Dog lovers

On the canine side, fostering involves taking a needy dog in until the animal has a new forever home. Volunteers are asked to do minor obedience work — sit, stay, come — and in some cases help the dog learn a new name. Sometimes working on crate training and house breaking is required, said Gretchen Decker, coordinator of the Dog Foster Family Program.

“When we have a pregnant mom in our shelter, after the birth, a foster home has taken the mom and her nursing puppies until they are weaned, about 6-8 weeks. Then the puppies are divided into groups of two or three, and another foster family steps in and raises them for generally 2-4 weeks more. After that, they come back here and we put them up for adoption,” Decker said.

Some volunteers may be requested to “re-socialize” a rescue dog, or observe them in a home environment to discern unexpected and “re-trainable” anti-social behaviors. As a break from being kenneled, or as a recuperative measure, some families might provide short-term respite for a dog.

Capone said raising a litter of pups is like life on fast-forward. One day a pup is sitting up for the first time, and then all of them are. A few hours later, the pups are taking their first toddling steps, and then chasing each other around, puppy-style.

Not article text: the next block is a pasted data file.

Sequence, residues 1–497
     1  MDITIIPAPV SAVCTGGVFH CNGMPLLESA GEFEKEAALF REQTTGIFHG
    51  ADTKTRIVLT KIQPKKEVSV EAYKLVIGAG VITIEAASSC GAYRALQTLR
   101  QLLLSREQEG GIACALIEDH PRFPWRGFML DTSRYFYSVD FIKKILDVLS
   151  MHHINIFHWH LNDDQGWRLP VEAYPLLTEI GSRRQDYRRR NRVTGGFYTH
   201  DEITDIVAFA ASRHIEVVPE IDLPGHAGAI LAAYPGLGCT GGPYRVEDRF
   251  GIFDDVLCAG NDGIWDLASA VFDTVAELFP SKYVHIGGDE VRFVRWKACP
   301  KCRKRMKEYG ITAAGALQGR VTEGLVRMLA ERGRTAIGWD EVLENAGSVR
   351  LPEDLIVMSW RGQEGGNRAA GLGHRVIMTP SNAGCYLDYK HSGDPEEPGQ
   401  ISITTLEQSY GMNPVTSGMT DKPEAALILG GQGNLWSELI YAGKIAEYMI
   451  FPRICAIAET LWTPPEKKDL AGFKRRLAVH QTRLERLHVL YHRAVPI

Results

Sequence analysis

While raising Sugar’s crew, Capone said she could take the nine pups into the backyard, call out “‘Puppy meeting!’ and they would all come running to me,” she recalled.

“These puppies were the little things that didn’t have their eyes open three weeks ago, and in a short amount of time, I got to see them grow up and go to a wonderful new home,” she said. “That is when it is all worth it for me. There is an impulse to keep them, but it is an impulse that comes to a natural end because you just can’t keep them all.”

To begin the volunteer process, go to, or call 708-848-8155 for additional information.

The name game

What’s in a pet’s name?

Take Smoochie. That dog’s face is all “smooched up.” Yep, that’s it.

Big, mean-looking Andre … isn’t. He’s a misunderstood, 78-pound or so, rough-looking, yellow-eyed adolescent.

“He is the sweetest dog, so we figured he had to have a fancy name, so he is Andre, to convey that he is not what he looks like because he is one nice, nice guy,” said ACL volunteer, Kathy Capone.

Their naming process, say ACL staffers, is quick, whimsical and purpose-driven.

There’s the infamous doggie outlaw gang, Cassidy, Dillinger, Dalton, and so on; the Shakespeare family headed by Desdemona; and ACL’s Jill Lebovitz has a litter called the Zodiac kittens. You know, Gemini, Aquarius, etc.

“We always have a theme. It’s easier to keep track of them that way,” says Lebovitz.

Yet another local mystery solved.

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Deb Quantock McCarey

Deb Quantock McCarey is an Illinois Press Association (IPA) award-winning freelance writer who has worked with Wednesday Journal Inc. since 1995, writing features and special sections for all its publications....